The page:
Germany hopes to put an unmanned space craft into the moon's orbit in the early part of the next decade, a senior German official said on Wednesday.
The lunar orbit mission will be useful for scientific research, Deputy Economy Minister Peter Hintze, the government's aerospace coordinator, told reporters. "It is also a chance for Germany to prove its competence in this area."
Hintze said a report prepared by the German Aerospace Centre (DLR) would be presented to the government for consideration.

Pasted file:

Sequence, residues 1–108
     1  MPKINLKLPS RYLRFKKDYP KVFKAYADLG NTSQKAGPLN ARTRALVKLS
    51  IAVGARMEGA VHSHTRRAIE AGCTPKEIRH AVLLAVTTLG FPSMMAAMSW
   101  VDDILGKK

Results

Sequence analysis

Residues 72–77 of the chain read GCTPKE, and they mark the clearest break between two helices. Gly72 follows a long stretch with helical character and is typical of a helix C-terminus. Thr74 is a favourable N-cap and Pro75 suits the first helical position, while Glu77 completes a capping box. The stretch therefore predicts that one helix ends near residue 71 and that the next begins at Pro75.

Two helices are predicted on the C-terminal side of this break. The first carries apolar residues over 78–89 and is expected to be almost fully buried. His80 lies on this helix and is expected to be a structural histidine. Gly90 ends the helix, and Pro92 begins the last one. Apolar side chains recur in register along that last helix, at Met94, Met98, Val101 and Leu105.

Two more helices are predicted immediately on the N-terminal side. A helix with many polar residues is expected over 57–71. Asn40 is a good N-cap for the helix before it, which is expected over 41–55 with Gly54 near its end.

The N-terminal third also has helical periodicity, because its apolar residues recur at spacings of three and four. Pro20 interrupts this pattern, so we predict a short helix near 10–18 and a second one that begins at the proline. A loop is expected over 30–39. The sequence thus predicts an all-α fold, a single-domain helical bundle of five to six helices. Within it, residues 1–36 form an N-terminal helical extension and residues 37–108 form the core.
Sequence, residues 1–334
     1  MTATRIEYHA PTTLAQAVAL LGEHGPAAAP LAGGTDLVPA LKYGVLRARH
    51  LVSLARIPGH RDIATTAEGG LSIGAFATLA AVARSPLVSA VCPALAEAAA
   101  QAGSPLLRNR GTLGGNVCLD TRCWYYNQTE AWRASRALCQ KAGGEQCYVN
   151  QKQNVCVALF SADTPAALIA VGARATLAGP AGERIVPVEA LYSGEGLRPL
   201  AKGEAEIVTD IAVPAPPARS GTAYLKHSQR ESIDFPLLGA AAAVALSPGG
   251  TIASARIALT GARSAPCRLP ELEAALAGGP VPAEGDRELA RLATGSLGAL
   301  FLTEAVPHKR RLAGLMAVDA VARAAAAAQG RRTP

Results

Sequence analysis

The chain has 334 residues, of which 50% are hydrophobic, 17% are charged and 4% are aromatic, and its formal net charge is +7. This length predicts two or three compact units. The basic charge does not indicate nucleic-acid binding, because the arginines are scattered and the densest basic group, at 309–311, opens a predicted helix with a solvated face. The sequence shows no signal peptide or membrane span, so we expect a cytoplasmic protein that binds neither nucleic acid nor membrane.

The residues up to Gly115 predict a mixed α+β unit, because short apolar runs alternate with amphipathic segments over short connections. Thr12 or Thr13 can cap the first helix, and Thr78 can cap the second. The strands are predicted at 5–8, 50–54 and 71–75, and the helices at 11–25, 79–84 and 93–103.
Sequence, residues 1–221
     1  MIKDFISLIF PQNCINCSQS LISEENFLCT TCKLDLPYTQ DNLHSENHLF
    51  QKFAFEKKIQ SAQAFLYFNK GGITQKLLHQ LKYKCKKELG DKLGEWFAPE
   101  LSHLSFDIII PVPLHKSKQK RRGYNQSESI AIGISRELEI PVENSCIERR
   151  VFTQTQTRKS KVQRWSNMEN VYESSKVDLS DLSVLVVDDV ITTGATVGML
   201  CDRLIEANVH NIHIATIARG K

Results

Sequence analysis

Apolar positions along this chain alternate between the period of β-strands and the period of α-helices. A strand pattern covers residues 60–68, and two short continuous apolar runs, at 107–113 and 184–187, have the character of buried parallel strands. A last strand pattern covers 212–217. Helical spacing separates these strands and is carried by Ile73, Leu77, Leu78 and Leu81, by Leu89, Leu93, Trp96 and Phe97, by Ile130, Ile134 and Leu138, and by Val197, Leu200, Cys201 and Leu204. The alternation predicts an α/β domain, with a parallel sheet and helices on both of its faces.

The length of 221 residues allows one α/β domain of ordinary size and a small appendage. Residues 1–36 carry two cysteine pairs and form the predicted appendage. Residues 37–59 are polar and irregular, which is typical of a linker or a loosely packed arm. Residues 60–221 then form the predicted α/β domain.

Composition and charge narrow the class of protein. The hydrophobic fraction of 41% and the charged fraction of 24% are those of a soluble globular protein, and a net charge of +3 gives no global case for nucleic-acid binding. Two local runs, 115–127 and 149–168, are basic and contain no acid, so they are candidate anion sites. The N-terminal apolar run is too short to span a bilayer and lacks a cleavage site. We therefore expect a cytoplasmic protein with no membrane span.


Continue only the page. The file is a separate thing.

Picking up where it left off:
"The essence of this report is that it is possible and it makes sense," he said. "The political decision has not been made yet."
The project would be called LEO -- Lunar Exploration Orbiter -- and could be fired into space in 2012 if decisions are made and sufficient financing found, Hintze said.
He said initial costs for the project would be around 350 million euros ($513.6 million), which would cover the planning, building and launch of the spacecraft.